What Is It Going To Take? Becoming A Welcoming City
As part of Welcoming Week, join us at MacFly Fresh for a discussion with Federico Rios (Assistant Director, Office of Equity, Mobility and Immigrant Integration – City of Charlotte) about the challenges immigrants in our community face, what it means to create a Welcoming City, and how we can all play a role.
Celebrate Welcoming Week alongside special guests from the NC Brazilian Arts Project, free live screen printing, and more.
Address and Time:
301 Camp Rd #106, Charlotte, NC 28206
(Camp North End)
Program begins at 6:00 PM.
This program is free to attend. RSVP required- seating is limited!
More About Welcoming Week
Charlotte became a Certified Welcoming City in May 2022. A Welcoming City is a designation by Welcoming America given to cities and counties that have created policies and programs reflecting their commitment to immigrant inclusion. This pathway for inclusion has also been supported by the work of immigrant advocates and organizations. However, challenges of resources reaching communities and economic mobility remain. Charlotte has pledged to improve language access policies, develop workforce opportunities for immigrants, and strengthen connections with community-based organizations. These important steps are essential as Mecklenburg County’s foreign-born population has been growing for decades and currently accounts for more than 15% of residents, per recent census data.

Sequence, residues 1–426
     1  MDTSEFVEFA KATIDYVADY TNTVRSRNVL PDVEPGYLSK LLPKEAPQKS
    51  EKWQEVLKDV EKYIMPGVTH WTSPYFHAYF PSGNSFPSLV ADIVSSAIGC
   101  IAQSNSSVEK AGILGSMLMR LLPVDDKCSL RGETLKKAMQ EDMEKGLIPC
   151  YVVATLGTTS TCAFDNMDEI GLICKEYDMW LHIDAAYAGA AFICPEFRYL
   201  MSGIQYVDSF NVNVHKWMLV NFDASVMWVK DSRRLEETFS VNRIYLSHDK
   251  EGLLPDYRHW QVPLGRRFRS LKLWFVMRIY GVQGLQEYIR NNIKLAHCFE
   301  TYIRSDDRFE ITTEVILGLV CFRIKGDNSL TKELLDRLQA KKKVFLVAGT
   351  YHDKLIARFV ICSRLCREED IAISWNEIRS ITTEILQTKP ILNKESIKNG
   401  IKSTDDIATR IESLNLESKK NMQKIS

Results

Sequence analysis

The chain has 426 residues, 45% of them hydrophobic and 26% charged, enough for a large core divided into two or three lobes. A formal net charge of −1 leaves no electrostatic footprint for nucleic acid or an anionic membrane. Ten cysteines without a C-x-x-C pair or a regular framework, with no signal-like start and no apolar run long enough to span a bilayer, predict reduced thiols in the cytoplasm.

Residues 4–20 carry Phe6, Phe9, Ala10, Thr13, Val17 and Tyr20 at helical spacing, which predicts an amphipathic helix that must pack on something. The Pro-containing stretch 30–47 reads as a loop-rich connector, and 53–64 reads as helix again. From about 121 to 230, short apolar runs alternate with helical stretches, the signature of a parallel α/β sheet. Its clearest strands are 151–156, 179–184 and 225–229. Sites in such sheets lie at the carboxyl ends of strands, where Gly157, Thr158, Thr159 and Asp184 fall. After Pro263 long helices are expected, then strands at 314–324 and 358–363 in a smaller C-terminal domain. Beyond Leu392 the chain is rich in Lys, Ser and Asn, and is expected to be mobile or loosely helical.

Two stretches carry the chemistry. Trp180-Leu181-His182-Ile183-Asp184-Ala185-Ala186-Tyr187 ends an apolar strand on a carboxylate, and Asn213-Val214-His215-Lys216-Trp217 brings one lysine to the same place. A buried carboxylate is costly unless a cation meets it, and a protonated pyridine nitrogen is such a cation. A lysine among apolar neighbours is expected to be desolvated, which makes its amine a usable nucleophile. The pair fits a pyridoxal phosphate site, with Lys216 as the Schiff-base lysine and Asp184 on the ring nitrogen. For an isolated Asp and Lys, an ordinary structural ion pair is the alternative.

Federico Rios is an Assistant Director in the City of Charlotte’s Housing and Neighborhood Services Department. Federico helps manage several city initiatives dealing with Diversity, Equity and Inclusion, Economic Mobility and Immigrant Integration. In his role, he is charged with helping to eliminate systemic barriers. Before joining the city, he spent eight and half years with Communities in Schools Charlotte-Mecklenburg. As the founding Director of the Newcomer Services Program, Federico, in partnership with Charlotte-Mecklenburg Schools, created a case management model to serve newly arrived and often highly traumatized, Central American youth. As the child of an Immigrant mother, Federico has felt a deep sense of calling to his work. His commitment to service is driven by his desire to see all of the members of our community have equitable access to opportunities. Apart from the roles already mentioned, Federico has served the community as a Crisis Intervention Specialist, Qualified Mental Health Professional and educator. He is a former member of the Leading on Opportunity Council and currently serves on Mental Health America’s Policy and Advocacy Committee, the Communities In Schools Charlotte-Mecklenburg Board of Directors, the Equitable Communities Board of Directors, and as the Vice Chair for the Carolina Migrant Network’s Board of Directors. He is a recipient of La Noticia’s 2018 Excelente Award for Community Service Person of the Year and of the 2020 Cesar Chavez Liderazgo award. His proudest accomplishment is being a husband to his wife Lakisha and father to his two boys, Elias and Jaden.